In the cold winters, premises owners have a responsibility to take reasonable action in order to ensure that their property is safe for all that visit it, no matter the weather. Unfortunately, however, many property owners and business owners fail to prepare adequately for the adverse weather conditions.
When a property owner runs a business from the property and does not clear the entrance and ensure that it is not slippery or icy, it can lead to a customer having a dangerous fall as a result. They then might suffer pain and have to pay medical costs through no fault of their own. They can, therefore, make a case to recoup these damages from the business that is to blame.
What is the duty of care?
In order to establish a valid case for recouping damages from a slip-and-fall accident involving ice, it must be proven that the premises owner did not exercise their full duty of care. This means that if there was a large patch of ice on the owner's property that they either knew about or should have known about, they have the duty to do something about it. For example, if they salted the ice instead of removing the ice completely and there was a fall as a result, then they would have failed to exercise their duty of care.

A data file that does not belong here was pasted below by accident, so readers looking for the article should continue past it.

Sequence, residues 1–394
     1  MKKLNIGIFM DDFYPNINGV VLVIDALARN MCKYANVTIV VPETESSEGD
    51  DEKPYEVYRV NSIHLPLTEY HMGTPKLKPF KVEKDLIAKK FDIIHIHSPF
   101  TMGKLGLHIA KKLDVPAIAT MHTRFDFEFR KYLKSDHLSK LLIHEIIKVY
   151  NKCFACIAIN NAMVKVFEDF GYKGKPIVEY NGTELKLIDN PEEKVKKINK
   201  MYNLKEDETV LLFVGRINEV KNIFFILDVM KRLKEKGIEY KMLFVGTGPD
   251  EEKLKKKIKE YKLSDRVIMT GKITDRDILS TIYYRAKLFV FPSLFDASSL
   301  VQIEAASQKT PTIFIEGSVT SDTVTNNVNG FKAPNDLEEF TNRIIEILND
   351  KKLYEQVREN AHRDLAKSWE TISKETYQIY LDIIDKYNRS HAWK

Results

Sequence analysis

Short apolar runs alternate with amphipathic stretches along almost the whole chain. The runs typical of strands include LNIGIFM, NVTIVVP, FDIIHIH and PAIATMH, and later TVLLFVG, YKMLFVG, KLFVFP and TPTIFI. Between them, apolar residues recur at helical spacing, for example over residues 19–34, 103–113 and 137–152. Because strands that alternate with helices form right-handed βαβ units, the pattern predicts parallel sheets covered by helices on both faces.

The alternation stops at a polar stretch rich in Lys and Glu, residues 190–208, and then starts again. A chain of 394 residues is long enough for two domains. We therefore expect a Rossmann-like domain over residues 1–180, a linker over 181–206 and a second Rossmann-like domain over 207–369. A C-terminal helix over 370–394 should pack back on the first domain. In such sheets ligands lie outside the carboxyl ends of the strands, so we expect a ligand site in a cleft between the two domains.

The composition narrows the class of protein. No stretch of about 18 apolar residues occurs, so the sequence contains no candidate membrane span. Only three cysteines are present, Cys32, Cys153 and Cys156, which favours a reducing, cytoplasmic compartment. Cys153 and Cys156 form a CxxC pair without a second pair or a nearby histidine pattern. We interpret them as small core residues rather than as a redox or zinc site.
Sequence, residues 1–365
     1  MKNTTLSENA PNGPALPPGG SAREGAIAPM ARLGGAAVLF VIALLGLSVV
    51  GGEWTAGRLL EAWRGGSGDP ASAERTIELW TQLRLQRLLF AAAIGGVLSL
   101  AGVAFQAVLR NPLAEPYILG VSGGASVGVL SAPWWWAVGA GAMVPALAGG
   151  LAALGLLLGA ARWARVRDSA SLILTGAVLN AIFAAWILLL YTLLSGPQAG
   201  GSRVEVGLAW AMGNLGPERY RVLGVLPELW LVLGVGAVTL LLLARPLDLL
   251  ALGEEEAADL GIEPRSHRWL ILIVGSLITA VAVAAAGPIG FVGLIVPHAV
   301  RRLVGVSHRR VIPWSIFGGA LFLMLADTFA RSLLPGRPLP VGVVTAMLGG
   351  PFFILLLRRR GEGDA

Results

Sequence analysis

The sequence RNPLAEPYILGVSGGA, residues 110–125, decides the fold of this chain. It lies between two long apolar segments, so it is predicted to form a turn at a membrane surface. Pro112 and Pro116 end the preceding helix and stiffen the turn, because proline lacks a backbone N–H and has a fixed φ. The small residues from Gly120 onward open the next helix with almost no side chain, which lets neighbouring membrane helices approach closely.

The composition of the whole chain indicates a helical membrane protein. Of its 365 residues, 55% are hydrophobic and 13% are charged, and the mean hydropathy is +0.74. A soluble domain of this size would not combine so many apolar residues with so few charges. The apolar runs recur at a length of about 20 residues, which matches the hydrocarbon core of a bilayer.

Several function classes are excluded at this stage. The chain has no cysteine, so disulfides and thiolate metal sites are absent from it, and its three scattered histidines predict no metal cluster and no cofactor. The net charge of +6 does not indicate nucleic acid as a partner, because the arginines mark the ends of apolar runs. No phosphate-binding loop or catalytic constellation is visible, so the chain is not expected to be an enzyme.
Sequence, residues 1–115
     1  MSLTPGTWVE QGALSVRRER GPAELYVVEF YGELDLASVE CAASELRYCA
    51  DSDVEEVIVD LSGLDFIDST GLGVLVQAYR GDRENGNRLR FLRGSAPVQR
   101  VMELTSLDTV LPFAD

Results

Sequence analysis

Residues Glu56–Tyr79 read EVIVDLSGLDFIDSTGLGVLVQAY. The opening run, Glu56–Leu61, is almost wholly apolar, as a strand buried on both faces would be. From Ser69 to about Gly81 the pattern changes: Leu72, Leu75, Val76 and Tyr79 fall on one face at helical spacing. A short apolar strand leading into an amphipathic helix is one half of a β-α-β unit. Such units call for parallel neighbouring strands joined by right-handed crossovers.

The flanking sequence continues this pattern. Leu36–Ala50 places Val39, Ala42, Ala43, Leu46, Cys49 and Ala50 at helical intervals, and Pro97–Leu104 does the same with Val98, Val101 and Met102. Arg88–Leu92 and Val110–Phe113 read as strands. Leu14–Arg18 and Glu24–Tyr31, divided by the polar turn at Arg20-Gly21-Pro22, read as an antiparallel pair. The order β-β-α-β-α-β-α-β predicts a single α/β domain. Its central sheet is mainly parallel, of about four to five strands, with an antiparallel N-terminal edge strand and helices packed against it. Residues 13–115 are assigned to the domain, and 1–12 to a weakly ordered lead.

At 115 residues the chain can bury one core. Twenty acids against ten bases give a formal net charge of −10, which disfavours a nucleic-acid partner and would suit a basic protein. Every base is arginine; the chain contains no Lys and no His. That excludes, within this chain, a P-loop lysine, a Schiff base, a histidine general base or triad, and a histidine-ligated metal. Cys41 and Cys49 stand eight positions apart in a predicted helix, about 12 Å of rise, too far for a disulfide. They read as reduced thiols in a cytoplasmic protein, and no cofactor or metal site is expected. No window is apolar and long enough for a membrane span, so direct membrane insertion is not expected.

If you have had an accident on a commercial property due to snow or ice, it is important to consider whether you believe that the owner exercised his or her duty of care before the accident took place. If they did not, then they might be liable and may need to pay you for damages.
Source: FindLaw, "Winter Hazard: Falling On Ice and Snow," accessed Feb. 14, 2018